How can organizations manage strategic risks in a volatile and fast-paced business environment?

How can organizations manage strategic risks in a volatile and fast-paced business environment?

Fe b r u a r y 2 0 1 2 I S T R AT E G IC F I N A N C E 27


By Mark L. Frigo, CMA, CPA, and Hans Læssøe

How can organizations manage strategic risks in a volatile and fast-paced business environment?

Many have started focusing their enterprise risk management (ERM) programs on the critical strate-

gic risks that can make or break a company. This effort is being driven by requests from boards and

other stakeholders and by the realization that a systematic approach is needed and that it’s highly

valuable to include strategic risk management in ERM and to integrate risk management within the

fabric of an organization. Some companies are at the forefront of this evolving movement.



In this article we describe strategic risk management at

the LEGO Group, which is based on an initiative started

in late 2006 and led by Hans Læssøe, senior director of

strategic risk management at LEGO System A/S. It’s also

part of the continuing work of the Strategic Risk Manage-

ment Lab at DePaul University, which is identifying and

developing leading practices in integrating risk manage-

ment with strategy development and strategy execution.

The LEGO Group Strategy To understand strategic risk management at the LEGO

Group, you need to understand the company’s strategy.

This is consistent with the first step in developing strate-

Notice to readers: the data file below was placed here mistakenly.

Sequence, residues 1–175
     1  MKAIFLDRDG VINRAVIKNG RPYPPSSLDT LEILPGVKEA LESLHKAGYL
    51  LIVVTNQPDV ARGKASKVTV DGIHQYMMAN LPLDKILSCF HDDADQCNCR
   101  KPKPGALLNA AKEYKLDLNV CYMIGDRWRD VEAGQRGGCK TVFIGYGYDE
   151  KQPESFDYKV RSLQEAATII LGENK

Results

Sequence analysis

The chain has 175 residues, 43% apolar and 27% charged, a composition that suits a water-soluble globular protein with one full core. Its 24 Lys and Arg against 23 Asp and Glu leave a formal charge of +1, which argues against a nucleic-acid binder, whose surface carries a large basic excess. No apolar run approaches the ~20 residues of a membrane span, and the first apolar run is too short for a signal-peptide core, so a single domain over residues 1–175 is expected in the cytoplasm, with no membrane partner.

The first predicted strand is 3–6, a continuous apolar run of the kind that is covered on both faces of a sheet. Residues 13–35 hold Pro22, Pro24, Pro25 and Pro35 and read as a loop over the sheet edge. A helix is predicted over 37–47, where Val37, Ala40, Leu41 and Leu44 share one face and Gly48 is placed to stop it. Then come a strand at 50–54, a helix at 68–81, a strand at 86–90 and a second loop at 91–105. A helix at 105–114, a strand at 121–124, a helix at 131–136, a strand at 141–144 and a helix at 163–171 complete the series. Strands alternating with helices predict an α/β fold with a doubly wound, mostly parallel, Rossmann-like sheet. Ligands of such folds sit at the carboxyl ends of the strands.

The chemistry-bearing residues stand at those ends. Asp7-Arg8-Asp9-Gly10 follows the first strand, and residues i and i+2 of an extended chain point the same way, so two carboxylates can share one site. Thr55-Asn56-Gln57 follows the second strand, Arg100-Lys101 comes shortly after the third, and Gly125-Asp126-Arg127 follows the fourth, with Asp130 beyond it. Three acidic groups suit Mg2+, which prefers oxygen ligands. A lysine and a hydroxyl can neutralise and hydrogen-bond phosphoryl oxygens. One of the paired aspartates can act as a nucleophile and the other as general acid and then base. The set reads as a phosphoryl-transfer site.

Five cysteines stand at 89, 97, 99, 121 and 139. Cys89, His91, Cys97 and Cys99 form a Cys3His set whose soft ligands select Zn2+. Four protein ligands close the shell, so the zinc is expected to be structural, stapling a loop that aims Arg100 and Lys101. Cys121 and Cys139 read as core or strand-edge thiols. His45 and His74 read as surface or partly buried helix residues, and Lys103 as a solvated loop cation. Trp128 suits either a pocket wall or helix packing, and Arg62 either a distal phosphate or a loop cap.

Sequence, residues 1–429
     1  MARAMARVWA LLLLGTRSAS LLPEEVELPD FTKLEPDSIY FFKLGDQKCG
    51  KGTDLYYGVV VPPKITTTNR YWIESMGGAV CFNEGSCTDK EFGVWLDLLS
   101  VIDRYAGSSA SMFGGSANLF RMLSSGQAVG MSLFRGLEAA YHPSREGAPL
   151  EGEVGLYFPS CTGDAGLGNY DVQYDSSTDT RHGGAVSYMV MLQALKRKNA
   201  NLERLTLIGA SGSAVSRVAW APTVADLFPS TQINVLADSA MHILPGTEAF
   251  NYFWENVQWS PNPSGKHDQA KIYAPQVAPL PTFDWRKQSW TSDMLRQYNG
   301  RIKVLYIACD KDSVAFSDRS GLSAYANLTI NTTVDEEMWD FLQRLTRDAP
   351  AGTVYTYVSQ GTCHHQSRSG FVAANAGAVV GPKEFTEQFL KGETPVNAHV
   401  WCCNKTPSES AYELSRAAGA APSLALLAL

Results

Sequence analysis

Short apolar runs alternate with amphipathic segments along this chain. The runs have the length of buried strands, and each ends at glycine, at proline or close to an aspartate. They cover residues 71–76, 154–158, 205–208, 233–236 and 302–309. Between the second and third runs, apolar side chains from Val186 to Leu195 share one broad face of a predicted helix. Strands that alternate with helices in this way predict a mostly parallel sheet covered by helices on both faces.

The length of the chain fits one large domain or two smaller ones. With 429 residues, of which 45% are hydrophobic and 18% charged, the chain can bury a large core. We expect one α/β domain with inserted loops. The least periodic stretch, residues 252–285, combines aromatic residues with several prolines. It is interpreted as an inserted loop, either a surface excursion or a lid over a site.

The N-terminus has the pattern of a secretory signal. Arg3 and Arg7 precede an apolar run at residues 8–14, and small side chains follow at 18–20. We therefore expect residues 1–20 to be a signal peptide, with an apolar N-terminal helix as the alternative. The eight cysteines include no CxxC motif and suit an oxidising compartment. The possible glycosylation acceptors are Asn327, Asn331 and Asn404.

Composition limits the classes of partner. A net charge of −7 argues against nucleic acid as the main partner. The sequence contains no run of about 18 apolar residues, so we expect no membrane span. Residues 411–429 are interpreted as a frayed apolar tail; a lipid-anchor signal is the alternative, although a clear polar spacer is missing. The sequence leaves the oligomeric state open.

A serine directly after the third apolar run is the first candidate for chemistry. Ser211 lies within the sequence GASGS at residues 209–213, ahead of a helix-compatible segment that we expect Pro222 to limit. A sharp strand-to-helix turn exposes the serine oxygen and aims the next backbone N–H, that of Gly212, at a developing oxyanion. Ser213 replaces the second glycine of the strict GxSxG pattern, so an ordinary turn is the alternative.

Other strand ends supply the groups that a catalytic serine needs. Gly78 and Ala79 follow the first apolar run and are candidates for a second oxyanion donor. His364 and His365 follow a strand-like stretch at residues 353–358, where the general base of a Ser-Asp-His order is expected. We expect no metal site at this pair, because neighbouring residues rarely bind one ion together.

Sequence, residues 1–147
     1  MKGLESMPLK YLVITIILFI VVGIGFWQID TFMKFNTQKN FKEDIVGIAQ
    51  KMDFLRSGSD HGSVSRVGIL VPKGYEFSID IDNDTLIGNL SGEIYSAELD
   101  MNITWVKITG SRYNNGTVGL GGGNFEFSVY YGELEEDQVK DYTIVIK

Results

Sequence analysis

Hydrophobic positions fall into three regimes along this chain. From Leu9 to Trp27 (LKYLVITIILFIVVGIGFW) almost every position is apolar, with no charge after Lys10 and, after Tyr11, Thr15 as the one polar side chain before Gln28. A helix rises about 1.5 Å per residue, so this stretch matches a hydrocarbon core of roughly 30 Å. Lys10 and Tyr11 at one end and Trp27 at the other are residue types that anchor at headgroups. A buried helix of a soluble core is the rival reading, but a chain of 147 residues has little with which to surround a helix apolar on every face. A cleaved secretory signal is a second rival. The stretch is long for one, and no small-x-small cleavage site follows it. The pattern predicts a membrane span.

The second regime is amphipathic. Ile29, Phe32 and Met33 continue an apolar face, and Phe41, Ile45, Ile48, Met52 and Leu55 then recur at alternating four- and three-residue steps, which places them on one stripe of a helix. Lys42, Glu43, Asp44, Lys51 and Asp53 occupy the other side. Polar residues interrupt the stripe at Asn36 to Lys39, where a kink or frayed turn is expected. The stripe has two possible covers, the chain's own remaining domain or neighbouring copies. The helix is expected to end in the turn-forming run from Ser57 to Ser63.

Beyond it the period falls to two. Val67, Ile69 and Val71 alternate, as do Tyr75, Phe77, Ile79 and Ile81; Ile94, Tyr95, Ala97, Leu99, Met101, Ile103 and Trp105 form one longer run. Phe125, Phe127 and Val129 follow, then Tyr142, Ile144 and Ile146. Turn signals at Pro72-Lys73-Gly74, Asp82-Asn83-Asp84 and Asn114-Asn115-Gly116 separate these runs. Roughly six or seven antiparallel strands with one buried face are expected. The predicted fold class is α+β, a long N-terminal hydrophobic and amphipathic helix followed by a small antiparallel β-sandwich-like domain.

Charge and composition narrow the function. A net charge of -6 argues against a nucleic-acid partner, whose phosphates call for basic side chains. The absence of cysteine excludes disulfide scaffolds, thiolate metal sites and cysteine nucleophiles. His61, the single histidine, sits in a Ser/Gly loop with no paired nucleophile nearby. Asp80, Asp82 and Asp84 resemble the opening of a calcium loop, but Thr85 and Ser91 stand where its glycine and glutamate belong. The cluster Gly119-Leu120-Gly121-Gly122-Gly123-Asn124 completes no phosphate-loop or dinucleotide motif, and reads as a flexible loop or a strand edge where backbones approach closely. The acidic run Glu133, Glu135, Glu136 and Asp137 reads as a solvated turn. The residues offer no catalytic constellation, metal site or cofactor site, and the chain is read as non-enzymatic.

gic risk management in an organization: to understand

the business strategy and the related risks as described in

the Strategic Risk Assessment process (see Mark L. Frigo

and Richard J. Anderson, “Strategic Risk Assessment,”

Strategic Finance, December 2009).

The LEGO Group’s mission is “Inspire and develop the

builders of tomorrow.” Its vision is “Inventing the future

of play.” To help accomplish them, the company uses a

growth strategy and an innovation strategy.

Growth Strategy: The LEGO Group has chosen a

strategy that’s based on a number of growth drivers. One

is to increase the market share in the United States. Many

Americans may think they buy a lot of LEGO products,

but they buy only about a third of what Germans buy, for

example. Thus there are potential growth opportunities

in the U.S. market.

The LEGO Group also wants to increase market share

in Eastern Europe, where the toy market is growing very

rapidly. In addition, it wants to invest in emerging mar-

kets, but cautiously. The toy industry isn’t the first one to

move in new, emerging markets, so the LEGO Group will

invest at appropriate levels and be ready for when those

markets do move. It will also expand direct-to-consumer

activities (sales through LEGO-owned retail stores),

online sales, and online activities (such as online games

for children).

Innovation Strategy: On the product side, the

LEGO Group focuses on creating innovative new products

from concepts developed under the title “Obviously

LEGO, never seen before.” The company plans to come up

with such concepts every two to three years. The latest

example is LEGO Games System, which is family board

games (a new way of playing with LEGO bricks) with a

LEGO attitude of changeability (obviously LEGO). The

company also intends to expand LEGO Education, its

division that works with schools and kindergartens. And it